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Loss of light colour preference after chronic embryonic stress in rainbow trout fry: a novel and potential indicator of fish welfare?

Abstract : For many fish species, environmental colour may act either as a source of stress or as a stress-buffer, alleviating behavioural and physiological responses after a stressful situation. While much is known on the effects of environmental colour on fish stress parameters, knowledge on the effects of stress on fish colour preferences is still lacking. In order to test the effects of stress on colour preference in fish, in this work, we exposed rainbow trout embryos (Oncorhynchus mykiss) to stressful conditions (air exposure, pheromone alarm cue or control, with minimal stress) from 19 to 44 days post fertilization (dpf). They were then raised up to 56 dpf in bright, dark, green or blue environments. After that, fry were individually tested for colour preference in a three-chambered arena where they could choose between green and blue areas. The time spent in the blue and in the green chamber was compared between experimental groups. Rainbow trout fry exposed to minimal stress (control) or to biotic stress (pheromone alarm) showed increased time in the blue environment, with little effect of ambient colour where they were raised. However, fish that experienced air exposure stress showed a lack of colour preference irrespective of the colour they were raised in afterwards. These results imply that early life stress affects colour preference in rainbow trout, suggesting that abiotic stressors, such as air exposure, may affect colour perception or behavioural plasticity in young fish. If the results presented herein are corroborated by future studies in fish at different life stages, beyond the embryonic phase, colour preference tests may be used as an additional and potential welfare indicator to estimate, in a retrospective manner, which stressors were faced by the individuals during early stages. By knowing whether or not their fish were exposed to certain stressful conditions may allow farmers to better adapt fish rearing conditions and to implement strategies that alleviate any long-term impacts that may exist, and, therefore, improve fish welfare.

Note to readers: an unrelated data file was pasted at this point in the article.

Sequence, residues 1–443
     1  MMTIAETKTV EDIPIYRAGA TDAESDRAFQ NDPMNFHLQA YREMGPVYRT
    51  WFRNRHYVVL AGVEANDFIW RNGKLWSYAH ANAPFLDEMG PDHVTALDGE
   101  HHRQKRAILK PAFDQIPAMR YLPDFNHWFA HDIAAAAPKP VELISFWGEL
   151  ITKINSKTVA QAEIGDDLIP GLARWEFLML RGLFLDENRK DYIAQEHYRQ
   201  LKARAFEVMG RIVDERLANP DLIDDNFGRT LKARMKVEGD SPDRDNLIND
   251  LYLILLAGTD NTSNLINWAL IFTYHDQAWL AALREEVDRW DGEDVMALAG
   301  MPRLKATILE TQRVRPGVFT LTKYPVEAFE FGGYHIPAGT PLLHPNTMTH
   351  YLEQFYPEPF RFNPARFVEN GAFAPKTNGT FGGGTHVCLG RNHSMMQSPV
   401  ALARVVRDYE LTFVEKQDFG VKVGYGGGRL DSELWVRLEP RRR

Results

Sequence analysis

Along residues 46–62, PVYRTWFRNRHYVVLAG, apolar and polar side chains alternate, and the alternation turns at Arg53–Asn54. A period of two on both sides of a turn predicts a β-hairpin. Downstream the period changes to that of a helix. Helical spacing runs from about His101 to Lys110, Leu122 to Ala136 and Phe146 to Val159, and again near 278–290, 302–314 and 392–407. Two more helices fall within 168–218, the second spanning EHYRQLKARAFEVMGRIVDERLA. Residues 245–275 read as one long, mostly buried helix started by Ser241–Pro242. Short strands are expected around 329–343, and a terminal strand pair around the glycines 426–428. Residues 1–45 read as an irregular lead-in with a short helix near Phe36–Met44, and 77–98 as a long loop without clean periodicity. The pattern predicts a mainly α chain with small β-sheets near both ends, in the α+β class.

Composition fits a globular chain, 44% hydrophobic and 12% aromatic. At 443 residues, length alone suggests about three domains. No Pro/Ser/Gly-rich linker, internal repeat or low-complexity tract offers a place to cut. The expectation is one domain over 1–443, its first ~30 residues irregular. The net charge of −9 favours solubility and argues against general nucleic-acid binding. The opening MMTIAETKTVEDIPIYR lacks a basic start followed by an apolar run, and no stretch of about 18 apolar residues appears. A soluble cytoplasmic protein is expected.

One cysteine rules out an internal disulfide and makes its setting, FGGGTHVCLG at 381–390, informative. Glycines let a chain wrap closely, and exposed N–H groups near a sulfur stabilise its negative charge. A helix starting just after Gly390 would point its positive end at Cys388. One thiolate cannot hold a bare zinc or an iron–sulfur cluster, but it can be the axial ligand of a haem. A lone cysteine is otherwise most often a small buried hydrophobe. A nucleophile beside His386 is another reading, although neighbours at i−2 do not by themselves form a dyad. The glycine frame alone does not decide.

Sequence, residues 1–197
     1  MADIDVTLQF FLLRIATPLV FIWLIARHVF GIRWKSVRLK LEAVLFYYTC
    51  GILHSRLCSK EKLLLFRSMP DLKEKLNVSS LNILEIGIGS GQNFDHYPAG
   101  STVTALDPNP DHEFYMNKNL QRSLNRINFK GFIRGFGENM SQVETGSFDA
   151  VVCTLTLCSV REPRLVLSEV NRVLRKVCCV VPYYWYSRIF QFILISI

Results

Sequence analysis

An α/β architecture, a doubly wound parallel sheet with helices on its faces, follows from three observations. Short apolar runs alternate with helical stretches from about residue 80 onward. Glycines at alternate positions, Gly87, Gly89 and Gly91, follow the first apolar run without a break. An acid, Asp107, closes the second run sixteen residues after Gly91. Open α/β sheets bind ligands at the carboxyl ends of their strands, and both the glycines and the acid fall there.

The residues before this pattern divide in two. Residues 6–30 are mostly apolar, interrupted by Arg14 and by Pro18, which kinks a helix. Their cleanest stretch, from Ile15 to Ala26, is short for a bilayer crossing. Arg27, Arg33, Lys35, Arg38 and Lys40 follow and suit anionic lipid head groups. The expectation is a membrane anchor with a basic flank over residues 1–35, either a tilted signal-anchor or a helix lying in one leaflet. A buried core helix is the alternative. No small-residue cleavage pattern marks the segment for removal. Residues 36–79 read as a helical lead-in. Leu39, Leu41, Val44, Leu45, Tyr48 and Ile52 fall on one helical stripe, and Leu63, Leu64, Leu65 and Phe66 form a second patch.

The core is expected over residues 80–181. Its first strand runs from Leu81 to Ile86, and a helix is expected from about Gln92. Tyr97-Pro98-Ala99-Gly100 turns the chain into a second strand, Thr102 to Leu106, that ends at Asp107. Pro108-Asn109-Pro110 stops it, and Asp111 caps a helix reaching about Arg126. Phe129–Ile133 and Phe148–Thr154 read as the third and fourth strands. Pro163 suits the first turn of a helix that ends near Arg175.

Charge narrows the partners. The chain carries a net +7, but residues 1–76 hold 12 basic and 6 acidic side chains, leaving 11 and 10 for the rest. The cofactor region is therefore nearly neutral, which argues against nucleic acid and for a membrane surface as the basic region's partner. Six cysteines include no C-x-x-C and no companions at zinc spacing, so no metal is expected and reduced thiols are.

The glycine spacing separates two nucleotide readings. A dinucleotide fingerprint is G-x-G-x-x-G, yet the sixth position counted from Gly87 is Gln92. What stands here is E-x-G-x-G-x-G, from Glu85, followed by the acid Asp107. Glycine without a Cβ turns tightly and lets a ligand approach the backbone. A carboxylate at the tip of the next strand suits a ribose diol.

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Contributor : Violaine Colson Connect in order to contact the contributor
Submitted on : Monday, April 26, 2021 - 10:04:21 AM
Last modification on : Tuesday, May 3, 2022 - 2:40:13 PM

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Violaine Colson, Vitor Hugo Bessa Ferreira, Ana Carolina Luchiari, Claudiane Valotaire, Frédéric Borel, et al.. Loss of light colour preference after chronic embryonic stress in rainbow trout fry: a novel and potential indicator of fish welfare?. Applied Animal Behaviour Science, Elsevier, 2021, 239, pp.105335. ⟨10.1016/j.applanim.2021.105335⟩. ⟨hal-03207748⟩



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